Individual stock investors in South Korea, currently making great contributions to the stock market, are shifting their attention to foreign stock markets. The so-called “Seohak Ants,” meaning individual stock market traders who invest in foreign stock markets, purchase a great deal of U.S. growth stocks while indulging in day-trading to seek for instant gains.
Tesla is an overseas stock with the biggest volume of net charging transacted by domestic investors - individuals and corporate bodies – in South Korea from the start of the year to Aug. 21, according to the Korea Securities Depository’s report on Friday. The top six stocks mainly are tech giants such as Apple, Microsoft, Google’s public holding company Alphabet Inc. and Amazon, except for Hasbro, a toy manufacturer, at 4th place. The report shows how strongly Seohak Ants are attracted to the U.S. stock market and growth stocks. Eight out of the top 10 are growth stocks while nine on the top 10 rankings are transacted in the U.S. stock market.
One of Seohak Ants in 30s invested 10 million won in Nikola Motor, a U.S. hydrogen carmaker, when it went public in the New York Stock Exchange in June. Just over several days, the investor took advantage of distribution stocks to earn five hundred won. “Foreign stock markets used to be a destination mainly for a handful of rich people who wanted to diversify their asset portfolio. However, we are seeing an influx of young investors. They buy Tesla, Apple, Moderna and other growth stocks,” said a manager at Hana Financial Investment. Meanwhile, U.S. individual investors with ever-increasing influence buy up traditional and long-standing stocks, which have recently seen a drop in prices since the COVID-19 pandemic. U.S. business news website Business Insider says that Ford, General Electrics and American Airlines are the top three popular stocks of July among traders on Robinhood, a U.S. stock-trading smartphone application.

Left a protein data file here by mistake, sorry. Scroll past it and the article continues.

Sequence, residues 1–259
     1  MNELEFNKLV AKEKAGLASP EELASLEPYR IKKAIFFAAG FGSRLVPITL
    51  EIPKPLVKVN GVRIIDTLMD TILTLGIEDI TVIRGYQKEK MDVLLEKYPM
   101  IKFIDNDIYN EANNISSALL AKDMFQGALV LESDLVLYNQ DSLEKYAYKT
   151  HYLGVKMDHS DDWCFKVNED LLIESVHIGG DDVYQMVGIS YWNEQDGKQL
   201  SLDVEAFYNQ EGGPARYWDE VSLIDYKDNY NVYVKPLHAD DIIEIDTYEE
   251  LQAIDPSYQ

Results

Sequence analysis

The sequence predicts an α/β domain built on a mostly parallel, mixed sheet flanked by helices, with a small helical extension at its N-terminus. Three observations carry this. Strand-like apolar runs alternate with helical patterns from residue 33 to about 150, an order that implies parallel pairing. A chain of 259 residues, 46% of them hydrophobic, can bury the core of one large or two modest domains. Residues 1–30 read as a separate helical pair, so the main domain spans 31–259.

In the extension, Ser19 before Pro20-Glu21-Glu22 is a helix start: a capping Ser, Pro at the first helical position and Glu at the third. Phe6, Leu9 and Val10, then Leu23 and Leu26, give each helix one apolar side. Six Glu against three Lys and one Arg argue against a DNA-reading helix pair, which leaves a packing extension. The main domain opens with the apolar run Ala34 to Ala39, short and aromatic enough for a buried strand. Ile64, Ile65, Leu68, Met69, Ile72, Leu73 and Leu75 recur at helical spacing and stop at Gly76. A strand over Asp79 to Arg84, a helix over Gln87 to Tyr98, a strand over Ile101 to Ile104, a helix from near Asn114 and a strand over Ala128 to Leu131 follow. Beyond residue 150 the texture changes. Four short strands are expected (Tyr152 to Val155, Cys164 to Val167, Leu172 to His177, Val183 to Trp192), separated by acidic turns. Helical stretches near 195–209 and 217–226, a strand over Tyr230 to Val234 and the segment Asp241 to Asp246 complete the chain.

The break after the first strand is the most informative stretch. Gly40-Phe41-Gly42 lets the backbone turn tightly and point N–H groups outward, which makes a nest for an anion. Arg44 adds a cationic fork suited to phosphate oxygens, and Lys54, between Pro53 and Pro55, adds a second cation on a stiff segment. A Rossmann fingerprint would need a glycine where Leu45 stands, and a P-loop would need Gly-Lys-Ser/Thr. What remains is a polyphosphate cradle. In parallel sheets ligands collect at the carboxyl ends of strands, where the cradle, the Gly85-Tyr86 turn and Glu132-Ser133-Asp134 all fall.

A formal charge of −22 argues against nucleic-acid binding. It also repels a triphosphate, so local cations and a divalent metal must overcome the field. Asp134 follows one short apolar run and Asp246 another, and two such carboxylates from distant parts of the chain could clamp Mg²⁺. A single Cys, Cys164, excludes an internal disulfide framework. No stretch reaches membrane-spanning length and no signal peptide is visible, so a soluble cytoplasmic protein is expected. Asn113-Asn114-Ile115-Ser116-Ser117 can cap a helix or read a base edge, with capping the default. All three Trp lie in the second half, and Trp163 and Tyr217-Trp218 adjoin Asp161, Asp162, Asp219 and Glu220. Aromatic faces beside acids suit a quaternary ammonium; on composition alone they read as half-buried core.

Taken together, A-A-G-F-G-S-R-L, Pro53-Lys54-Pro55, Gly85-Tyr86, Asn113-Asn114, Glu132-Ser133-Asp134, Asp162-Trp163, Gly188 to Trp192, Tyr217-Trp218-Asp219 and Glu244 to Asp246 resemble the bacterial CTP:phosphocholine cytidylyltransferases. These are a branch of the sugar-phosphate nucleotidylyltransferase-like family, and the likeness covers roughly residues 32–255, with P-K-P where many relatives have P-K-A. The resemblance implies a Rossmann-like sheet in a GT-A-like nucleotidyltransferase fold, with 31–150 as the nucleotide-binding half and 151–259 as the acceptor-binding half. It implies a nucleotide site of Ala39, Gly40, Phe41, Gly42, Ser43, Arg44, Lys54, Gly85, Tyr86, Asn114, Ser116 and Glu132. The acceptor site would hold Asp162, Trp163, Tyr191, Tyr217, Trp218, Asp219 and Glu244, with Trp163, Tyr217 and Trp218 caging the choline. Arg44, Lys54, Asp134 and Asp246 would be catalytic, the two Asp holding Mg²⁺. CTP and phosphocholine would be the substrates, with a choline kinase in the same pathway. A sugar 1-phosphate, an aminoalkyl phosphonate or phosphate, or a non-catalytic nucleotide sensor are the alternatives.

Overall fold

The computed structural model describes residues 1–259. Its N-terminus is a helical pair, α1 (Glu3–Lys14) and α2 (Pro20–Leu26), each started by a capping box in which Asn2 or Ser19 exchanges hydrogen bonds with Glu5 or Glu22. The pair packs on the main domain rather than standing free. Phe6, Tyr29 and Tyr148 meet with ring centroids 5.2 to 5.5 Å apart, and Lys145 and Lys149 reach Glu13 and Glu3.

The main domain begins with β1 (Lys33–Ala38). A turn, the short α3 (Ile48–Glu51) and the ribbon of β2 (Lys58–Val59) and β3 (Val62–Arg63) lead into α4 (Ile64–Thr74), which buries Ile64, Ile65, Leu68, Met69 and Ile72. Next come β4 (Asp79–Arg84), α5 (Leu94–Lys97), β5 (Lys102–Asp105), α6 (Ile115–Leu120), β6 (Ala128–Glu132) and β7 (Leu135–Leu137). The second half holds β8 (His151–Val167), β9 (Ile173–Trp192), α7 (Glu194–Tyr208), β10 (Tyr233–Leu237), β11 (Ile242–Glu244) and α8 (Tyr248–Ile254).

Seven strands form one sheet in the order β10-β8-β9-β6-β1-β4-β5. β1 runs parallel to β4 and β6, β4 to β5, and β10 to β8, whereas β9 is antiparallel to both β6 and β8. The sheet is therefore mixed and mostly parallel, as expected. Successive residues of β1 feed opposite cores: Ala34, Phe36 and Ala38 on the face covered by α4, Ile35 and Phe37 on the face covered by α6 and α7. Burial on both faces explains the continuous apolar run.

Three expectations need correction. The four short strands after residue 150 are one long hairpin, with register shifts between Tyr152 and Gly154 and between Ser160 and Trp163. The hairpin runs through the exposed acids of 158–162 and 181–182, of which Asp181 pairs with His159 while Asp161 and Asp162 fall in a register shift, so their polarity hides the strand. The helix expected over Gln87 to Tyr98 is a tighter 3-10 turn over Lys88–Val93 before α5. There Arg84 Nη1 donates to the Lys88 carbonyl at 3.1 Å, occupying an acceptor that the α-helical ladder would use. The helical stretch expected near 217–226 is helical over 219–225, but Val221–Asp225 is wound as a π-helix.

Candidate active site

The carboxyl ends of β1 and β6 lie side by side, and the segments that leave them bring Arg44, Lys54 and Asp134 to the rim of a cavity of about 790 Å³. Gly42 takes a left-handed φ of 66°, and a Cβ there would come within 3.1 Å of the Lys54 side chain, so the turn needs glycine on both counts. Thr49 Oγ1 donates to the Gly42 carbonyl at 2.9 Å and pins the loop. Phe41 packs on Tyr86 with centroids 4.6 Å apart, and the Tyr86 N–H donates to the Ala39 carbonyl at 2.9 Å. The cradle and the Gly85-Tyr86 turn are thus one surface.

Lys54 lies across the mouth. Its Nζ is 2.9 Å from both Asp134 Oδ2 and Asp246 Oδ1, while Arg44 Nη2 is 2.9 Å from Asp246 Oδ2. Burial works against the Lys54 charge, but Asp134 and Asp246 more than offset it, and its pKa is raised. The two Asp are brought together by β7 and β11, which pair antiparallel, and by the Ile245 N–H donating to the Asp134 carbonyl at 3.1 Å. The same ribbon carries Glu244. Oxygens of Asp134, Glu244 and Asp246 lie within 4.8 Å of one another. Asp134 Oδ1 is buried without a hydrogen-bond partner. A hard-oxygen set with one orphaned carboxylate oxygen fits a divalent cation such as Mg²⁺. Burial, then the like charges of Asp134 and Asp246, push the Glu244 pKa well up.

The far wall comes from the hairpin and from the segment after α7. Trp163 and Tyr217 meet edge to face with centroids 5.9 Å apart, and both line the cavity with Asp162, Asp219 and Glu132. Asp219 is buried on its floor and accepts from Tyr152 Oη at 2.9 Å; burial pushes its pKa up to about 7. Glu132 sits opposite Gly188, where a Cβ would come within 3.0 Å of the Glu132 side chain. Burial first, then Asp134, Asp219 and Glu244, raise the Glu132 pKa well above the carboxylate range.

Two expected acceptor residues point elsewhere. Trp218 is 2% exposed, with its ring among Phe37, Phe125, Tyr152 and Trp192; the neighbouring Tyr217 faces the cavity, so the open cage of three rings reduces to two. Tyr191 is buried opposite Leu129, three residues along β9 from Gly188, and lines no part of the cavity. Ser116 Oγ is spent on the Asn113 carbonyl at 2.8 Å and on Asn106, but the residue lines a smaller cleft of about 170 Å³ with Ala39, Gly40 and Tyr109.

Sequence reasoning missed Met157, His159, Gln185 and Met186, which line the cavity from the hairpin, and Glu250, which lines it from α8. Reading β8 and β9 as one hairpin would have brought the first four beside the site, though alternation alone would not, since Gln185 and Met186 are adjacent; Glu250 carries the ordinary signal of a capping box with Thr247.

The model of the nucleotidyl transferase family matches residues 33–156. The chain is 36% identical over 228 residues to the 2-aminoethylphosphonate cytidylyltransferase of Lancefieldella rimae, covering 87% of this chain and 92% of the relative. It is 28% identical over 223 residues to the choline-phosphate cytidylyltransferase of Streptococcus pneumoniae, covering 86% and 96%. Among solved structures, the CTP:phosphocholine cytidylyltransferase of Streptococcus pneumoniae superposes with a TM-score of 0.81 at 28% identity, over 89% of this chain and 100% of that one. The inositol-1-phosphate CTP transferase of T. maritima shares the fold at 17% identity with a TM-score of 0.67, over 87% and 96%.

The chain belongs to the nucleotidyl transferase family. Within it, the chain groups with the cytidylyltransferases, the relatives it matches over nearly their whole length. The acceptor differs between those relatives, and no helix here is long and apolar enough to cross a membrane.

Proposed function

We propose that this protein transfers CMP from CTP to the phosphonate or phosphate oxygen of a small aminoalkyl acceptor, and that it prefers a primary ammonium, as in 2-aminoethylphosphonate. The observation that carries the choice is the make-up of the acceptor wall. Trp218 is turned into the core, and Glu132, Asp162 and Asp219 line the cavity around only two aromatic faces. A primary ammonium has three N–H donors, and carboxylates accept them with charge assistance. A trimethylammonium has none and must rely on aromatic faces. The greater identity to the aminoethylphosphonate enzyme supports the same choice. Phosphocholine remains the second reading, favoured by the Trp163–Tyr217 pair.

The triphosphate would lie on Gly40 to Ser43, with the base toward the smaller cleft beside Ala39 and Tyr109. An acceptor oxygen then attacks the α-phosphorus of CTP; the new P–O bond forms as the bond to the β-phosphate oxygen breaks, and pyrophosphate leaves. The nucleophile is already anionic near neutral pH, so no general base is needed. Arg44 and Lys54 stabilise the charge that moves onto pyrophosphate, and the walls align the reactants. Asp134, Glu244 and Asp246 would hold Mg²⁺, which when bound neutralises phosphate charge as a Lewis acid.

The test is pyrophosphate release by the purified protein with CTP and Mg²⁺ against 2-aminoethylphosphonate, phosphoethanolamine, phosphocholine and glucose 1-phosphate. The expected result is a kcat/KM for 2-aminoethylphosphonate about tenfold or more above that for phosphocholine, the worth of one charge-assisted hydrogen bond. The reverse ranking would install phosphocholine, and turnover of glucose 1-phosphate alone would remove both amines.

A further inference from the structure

Critics analyze that South Korean stock individuals, accustomed to the domestic market returning a fraction of dividends, tend to stick to day-trading and short-term gains even in overseas markets where large amounts of dividends await. An individual investor in 40s spent five million won on Nanox, an Israeli next-generation X-ray developer, on Monday, the very next trading day after it was listed in the U.S. stock market last Friday. Buying it at 23.1 dollars, he sold it at 30 dollars to earn a 30-percent trading margin.
Having said that, foreign stock investment is not always the golden ticket for big money. Another individual stock investor saw a 10-percent loss after the person sank 70 million won into Ali Health, a telemedicine service provider of Alibaba Group, which went public in the Hong Kong Stock Exchange. Financial experts advise domestic investors to be careful about laying out money for foreign markets and businesses because they are likely to know little about them.
Yoo-Hyun Kang firstname.lastname@example.org · Na-Ri Shin email@example.com